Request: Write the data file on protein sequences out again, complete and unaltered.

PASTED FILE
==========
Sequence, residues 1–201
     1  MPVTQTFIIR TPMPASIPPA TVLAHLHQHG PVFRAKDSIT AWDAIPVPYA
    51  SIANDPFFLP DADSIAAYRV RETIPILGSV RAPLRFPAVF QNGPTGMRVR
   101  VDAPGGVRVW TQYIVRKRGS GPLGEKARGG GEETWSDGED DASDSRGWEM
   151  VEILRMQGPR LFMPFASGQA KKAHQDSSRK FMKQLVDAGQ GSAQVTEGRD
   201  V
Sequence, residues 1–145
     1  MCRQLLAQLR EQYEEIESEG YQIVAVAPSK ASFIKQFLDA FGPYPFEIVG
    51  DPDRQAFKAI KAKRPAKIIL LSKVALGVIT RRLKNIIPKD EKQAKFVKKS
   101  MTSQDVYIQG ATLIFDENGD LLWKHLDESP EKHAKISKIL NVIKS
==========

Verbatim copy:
Sequence, residues 1–201
     1  MPVTQTFIIR TPMPASIPPA TVLAHLHQHG PVFRAKDSIT AWDAIPVPYA
    51  SIANDPFFLP DADSIAAYRV RETIPILGSV RAPLRFPAVF QNGPTGMRVR
   101  VDAPGGVRVW TQYIVRKRGS GPLGEKARGG GEETWSDGED DASDSRGWEM
   151  VEILRMQGPR LFMPFASGQA KKAHQDSSRK FMKQLVDAGQ GSAQVTEGRD
   201  V
Sequence, residues 1–145
     1  MCRQLLAQLR EQYEEIESEG YQIVAVAPSK ASFIKQFLDA FGPYPFEIVG
    51  DPDRQAFKAI KAKRPAKIIL LSKVALGVIT RRLKNIIPKD EKQAKFVKKS
   101  MTSQDVYIQG ATLIFDENGD LLWKHLDESP EKHAKISKIL NVIKS